THE SUPREME COURT ruled in 2000 that the Boy Scouts could legally discriminate against gays. But that doesn't mean the city or its taxpayers should be required to aid or subsidize the Scouts as they carry out this discrimination.
That's why the city asked the Boy Scouts to vacate the city-subsidized property they use for their headquarters. It's a building the Boy Scouts built on land the city provided for free in 1928; the original ordinance spelled out that the city would own the building and could revoke the arrangement.
But the Boy Scouts are crying foul, saying the city has singled out the Scouts and - are you ready for this? - is discriminating against them; the Scouts just sued the city.
The Scouts must have been emboldened after they won the right from the Supreme Court to not treat everyone equally, although the fact is, their Supreme Court win has proved to be the exception rather than the rule. For example, the Pentagon has since been barred from hosting the annual Boy Scout jamboree, because the court decreed the Scouts were a religious organization. And other cities around the country, like San Diego and Berkeley, Calif., have legally ended similarly subsidized arrangements with the Scouts.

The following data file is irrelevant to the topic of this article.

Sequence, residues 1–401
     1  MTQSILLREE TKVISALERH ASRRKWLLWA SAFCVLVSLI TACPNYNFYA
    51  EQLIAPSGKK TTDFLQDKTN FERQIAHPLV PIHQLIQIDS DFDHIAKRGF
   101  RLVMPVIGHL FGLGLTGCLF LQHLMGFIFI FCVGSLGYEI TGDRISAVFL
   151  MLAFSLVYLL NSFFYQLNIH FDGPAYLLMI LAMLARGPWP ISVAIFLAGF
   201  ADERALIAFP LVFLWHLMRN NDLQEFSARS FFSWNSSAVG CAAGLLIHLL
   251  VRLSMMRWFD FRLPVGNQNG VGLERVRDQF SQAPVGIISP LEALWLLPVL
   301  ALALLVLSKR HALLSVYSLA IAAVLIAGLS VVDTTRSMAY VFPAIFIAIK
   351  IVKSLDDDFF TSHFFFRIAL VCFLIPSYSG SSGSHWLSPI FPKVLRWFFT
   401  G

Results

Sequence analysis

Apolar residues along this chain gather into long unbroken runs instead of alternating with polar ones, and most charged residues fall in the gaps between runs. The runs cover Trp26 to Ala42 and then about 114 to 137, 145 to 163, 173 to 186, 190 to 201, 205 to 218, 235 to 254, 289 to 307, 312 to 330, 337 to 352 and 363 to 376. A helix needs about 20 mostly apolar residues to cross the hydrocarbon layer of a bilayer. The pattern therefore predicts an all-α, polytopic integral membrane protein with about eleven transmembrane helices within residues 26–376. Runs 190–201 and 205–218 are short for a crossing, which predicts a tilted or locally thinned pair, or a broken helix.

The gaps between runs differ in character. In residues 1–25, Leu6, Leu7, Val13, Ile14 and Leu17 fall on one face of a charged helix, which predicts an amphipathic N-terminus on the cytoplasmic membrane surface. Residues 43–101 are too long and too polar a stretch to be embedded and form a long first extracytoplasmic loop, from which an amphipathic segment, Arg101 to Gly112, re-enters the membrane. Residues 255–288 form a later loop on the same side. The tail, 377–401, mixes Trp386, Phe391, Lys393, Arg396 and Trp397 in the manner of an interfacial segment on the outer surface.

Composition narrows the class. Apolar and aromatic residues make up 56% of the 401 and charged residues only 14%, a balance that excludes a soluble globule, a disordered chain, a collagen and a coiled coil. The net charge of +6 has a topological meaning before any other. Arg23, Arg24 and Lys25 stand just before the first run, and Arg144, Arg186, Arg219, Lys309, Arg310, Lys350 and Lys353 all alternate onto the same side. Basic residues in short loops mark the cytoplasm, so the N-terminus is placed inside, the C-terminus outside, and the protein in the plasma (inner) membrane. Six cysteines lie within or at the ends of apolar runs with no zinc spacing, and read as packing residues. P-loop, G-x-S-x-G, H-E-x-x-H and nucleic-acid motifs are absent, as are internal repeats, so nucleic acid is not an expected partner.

Here in Philadelphia, the suit claims that the city is punishing them for having views not its own.
We have little patience for the claims the Scouts are making. It's a simple equation: taxpayers should not be forced to subsidize private, discriminatory groups, no matter how much other benefit they bring to a community. But we agree with them on one point: the city should be scrutinizing all similar arrangements it has with organizations and groups to make sure they are in line with fair-practice ordinances. And if they aren't, they should end the arrangements.
The city rents at under-fair-market value to about 100 groups, both nonprofit and for-profit. The list includes the Boys Club, youth centers, athletic clubs, a children's crisis treatment center and a senior center run by Zion Baptist Church. The suit claims that some of these organization limit membership or services to particular groups, too.